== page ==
Beginning in style with Mozart’s Symphony No 39 in E flat, the orchestra opened this concert which, although featuring the two groups was really the choir’s night! It was good to see the combined forces in action for the two pieces which followed – Morten Lauridsen’s five movement Lux Aeterna and the second Mozart composition of the evening, his well-loved Requiem.
A large and appreciative audience soaked up the music in the wonderful Victorian Anglo-Catholic splendour of Christchurch. At this time when it is still an act of faith to plan a performance on this scale and when there has been so much disruption and uncertainty for musicians it was a treat to experience this live in-person event involving so many talented and commited musicians.
The two choral works, both settings of liturgical memorial words carried additional poignancy in this remembrance season as the evening was also dedicated to three supporters of the choir who have died in recent months. One of these is Dr Brian Hick, founder of this website.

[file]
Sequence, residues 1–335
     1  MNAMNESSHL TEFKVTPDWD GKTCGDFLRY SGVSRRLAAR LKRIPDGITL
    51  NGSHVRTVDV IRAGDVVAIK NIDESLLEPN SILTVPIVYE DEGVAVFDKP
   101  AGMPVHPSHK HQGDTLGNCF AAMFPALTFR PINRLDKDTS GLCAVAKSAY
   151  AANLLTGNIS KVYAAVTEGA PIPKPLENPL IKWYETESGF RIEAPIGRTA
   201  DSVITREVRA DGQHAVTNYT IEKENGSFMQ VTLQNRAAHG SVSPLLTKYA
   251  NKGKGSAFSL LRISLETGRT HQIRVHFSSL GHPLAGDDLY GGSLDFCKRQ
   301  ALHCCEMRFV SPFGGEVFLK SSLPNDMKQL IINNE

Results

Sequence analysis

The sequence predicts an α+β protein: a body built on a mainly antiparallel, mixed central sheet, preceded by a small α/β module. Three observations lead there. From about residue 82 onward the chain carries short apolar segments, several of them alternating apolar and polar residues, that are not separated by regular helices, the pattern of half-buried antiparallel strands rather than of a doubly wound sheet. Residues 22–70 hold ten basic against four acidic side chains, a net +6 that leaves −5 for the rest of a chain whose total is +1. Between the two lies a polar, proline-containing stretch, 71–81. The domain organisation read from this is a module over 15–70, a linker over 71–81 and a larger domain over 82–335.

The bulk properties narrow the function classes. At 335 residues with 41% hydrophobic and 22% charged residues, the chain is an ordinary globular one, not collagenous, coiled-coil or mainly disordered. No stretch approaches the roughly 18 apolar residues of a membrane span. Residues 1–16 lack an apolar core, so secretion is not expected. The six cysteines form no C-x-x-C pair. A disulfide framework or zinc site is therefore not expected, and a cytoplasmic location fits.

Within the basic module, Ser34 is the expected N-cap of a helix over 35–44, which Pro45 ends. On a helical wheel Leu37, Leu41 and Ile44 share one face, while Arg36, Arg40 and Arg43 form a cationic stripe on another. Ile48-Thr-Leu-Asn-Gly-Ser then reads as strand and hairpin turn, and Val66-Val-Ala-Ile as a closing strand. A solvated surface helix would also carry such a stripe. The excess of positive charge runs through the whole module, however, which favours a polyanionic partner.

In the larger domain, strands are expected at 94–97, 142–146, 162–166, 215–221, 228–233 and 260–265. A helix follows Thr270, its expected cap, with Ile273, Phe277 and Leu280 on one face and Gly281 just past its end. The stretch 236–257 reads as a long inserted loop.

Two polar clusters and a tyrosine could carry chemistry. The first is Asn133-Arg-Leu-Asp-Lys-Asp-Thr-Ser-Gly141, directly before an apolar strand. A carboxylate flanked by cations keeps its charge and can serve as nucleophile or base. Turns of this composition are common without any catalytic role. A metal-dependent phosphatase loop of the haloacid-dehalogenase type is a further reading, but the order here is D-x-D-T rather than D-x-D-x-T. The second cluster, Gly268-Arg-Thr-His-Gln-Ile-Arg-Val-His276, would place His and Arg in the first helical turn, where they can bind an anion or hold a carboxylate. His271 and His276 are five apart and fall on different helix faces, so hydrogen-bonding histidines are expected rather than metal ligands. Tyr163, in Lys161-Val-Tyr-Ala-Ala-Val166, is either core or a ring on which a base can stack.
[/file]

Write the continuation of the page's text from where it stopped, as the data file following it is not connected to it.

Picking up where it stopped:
I was particularly looking forward to hearing the Lauridsen as it is a late 20th century work, a complete contrast in musical language to the works by Mozart but sharing the affinity of the text with that of the Requiem. I was a little disappointed, not for lack of commitment or effort on anyone’s part, but because of the imbalance in volume between choir and orchestra. At times this caused discrepancies in tuning and some uncertain entries. This is not easy music and even in the more subdued passages careful and confident placing of pitch is essential. There were some beautiful moments, most noticeably when the orchestral forces were greatly reduced, proving that the choir was capable but simply disadvantaged on this occasion.
There were similar issues with balance in the Requiem but the choir’s familiarity with this work meant that, despite this, it was carried off with confidence. The four excellent soloists each gave fine controlled performances producing some lovely contrasting sections throughout. I was surprised however that I found the line-up of folder, book and two different coloured I-pads quite distracting! There were some spine-tingling moments, noticeably the beginnings of the Lacrymosa and Sanctus. The overall performance from the combined forces here proved to be a satisfying conclusion to an enjoyable evening under the familiar baton of Marcio da Silva.
It is good to see the Philharmonic Choir back, performing a mixture of the well-known and the less performed, together with another great outing for the Philharmonic Orchestra. Hopefully something creative can be done to address the balance issue in the future so that the two groups will continue to flourish and collaborate.